There is no surer sign of financial difficulty than when a big club, one that is used to being at the top come season’s end, decides that it is time to look inwards for new players. For such clubs, the reality is this: no matter how much money they spend on their youth system, it is only in extreme cases that they choose to take a chance on some of those players that they have developed for years.
Those extreme cases are two; either the presence of an exceptional talent or, as mentioned, the impending inability of a club to spend their way out of trouble.
Sometimes it works. The recent revivals of Borussia Dortmund and Monaco owe a lot to players they found in their own back yard, who flourished when given an opportunity. On other occasions, this method has been far less successful.
There is a fairly simple reason for this. Apart from the availability of talented young players, other factors need to be in place. Diminished expectations and willingness to be patient are important, as they help relieve the pressure when results don’t go exactly as expected and mistakes are made. The right coach is also vital, as is the club’s continued support of the man in charge.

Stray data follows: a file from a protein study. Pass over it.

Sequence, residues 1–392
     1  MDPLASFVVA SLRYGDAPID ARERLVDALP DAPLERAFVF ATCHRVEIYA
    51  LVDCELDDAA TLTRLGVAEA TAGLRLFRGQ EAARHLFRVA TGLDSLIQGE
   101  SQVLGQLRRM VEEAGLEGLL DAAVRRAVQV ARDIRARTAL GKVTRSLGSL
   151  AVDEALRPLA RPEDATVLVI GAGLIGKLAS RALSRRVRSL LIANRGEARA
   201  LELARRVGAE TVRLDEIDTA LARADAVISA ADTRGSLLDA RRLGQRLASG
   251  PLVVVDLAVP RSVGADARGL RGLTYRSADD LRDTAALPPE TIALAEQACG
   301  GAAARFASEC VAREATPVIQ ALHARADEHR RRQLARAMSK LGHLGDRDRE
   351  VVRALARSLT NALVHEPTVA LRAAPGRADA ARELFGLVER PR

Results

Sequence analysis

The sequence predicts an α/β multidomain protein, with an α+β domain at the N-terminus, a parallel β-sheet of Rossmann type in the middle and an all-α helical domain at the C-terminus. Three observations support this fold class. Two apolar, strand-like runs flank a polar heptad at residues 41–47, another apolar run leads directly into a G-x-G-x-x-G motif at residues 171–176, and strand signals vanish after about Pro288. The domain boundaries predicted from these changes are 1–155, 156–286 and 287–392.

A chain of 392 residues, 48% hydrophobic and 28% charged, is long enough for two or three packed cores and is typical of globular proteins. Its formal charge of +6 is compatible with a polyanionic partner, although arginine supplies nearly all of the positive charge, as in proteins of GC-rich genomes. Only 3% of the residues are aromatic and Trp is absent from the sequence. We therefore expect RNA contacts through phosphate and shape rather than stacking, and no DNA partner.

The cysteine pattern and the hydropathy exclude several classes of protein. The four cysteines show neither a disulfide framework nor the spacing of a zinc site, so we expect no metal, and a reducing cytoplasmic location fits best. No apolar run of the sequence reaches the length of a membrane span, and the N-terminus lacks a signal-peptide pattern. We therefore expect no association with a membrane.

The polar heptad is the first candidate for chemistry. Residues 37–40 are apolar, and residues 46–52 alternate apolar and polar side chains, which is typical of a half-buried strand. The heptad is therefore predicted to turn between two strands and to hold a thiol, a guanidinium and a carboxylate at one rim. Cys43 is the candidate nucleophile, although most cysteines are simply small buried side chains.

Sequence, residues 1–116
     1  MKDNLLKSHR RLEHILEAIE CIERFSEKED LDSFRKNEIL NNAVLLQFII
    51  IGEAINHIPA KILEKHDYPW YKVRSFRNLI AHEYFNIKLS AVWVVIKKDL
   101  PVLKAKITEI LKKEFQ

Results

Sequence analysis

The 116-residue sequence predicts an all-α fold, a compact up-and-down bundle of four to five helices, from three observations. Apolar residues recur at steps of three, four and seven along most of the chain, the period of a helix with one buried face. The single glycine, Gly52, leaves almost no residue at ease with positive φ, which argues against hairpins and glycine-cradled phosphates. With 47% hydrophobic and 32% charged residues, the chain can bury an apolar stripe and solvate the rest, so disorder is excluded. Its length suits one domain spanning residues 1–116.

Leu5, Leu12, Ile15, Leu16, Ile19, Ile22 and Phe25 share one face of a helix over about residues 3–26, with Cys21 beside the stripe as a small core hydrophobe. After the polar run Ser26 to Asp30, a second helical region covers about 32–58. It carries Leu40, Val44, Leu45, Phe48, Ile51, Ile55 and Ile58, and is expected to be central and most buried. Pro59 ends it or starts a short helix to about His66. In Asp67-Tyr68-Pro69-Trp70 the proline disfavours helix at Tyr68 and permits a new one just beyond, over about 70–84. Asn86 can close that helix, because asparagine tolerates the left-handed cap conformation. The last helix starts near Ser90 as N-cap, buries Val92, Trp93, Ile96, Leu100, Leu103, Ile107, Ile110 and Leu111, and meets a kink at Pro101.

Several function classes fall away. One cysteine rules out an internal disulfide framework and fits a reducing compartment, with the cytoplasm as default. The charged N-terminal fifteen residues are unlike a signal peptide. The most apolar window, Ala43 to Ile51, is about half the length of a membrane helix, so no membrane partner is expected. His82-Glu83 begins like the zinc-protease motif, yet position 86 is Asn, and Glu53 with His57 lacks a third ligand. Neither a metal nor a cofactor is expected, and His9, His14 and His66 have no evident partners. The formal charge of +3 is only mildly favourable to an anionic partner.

Both those elements were missing when Milan’s situation forced them to try to build a competitive team on the cheap. Supporters expected the club to continue investing, protesting when it failed to do so. And the coaches kept on changing. Precisely the kind of environment that will burn out a young player not of the right mental fortitude.
Gianluigi Donnarumma, for one, excelled despite the criticism toward the team. Within the space of a few weeks, he transformed from a strange gamble taken by Coach Sinisa Mihajlovic to the future of Italian goalkeeping; someone good enough to take Gigi Buffon’s mantle as the nation’s finest number one.
Others’ stories did not pan out quite as well.
When Milan spent a rumoured €500,000 (although some sources pushed the figure closer to €1 million) to take 14-year-old striker Hachim Mastour from Reggiana, they were snapping up a talent judged to be among the world’s best. On top of that, there was the added bonus that they were stealing him away from the reach of neighbours Inter, for whom he had already played in a series of friendly tournament, but whom he could not join at that stage because of international rules limiting the transfers of minors.